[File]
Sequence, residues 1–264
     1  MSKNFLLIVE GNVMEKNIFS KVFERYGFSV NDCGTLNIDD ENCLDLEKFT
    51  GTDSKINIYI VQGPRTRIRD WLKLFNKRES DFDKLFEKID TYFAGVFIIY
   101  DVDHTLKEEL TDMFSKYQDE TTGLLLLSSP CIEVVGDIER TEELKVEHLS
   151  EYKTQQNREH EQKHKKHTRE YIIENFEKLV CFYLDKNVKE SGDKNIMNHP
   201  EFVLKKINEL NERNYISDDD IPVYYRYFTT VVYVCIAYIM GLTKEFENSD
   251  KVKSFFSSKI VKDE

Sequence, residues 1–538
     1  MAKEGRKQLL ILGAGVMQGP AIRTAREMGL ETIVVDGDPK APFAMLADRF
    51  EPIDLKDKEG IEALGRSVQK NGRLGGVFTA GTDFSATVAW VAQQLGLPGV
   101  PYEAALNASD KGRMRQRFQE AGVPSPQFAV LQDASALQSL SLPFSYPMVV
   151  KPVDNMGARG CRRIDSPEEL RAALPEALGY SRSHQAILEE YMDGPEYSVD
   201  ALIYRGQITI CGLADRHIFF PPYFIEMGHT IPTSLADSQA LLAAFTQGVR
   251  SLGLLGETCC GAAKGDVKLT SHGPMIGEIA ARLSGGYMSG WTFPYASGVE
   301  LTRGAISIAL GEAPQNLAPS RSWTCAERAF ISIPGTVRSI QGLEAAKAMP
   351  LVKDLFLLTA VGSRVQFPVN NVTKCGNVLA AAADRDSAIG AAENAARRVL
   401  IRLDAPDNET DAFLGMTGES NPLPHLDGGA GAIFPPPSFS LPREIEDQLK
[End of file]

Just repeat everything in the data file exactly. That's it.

Sequence, residues 1–264
     1  MSKNFLLIVE GNVMEKNIFS KVFERYGFSV NDCGTLNIDD ENCLDLEKFT
    51  GTDSKINIYI VQGPRTRIRD WLKLFNKRES DFDKLFEKID TYFAGVFIIY
   101  DVDHTLKEEL TDMFSKYQDE TTGLLLLSSP CIEVVGDIER TEELKVEHLS
   151  EYKTQQNREH EQKHKKHTRE YIIENFEKLV CFYLDKNVKE SGDKNIMNHP
   201  EFVLKKINEL NERNYISDDD IPVYYRYFTT VVYVCIAYIM GLTKEFENSD
   251  KVKSFFSSKI VKDE

Sequence, residues 1–538
     1  MAKEGRKQLL ILGAGVMQGP AIRTAREMGL ETIVVDGDPK APFAMLADRF
    51  EPIDLKDKEG IEALGRSVQK NGRLGGVFTA GTDFSATVAW VAQQLGLPGV
   101  PYEAALNASD KGRMRQRFQE AGVPSPQFAV LQDASALQSL SLPFSYPMVV
   151  KPVDNMGARG CRRIDSPEEL RAALPEALGY SRSHQAILEE YMDGPEYSVD
   201  ALIYRGQITI CGLADRHIFF PPYFIEMGHT IPTSLADSQA LLAAFTQGVR
   251  SLGLLGETCC GAAKGDVKLT SHGPMIGEIA ARLSGGYMSG WTFPYASGVE
   301  LTRGAISIAL GEAPQNLAPS RSWTCAERAF ISIPGTVRSI QGLEAAKAMP
   351  LVKDLFLLTA VGSRVQFPVN NVTKCGNVLA AAADRDSAIG AAENAARRVL
   401  IRLDAPDNET DAFLGMTGES NPLPHLDGGA GAIFPPPSFS LPREIEDQLK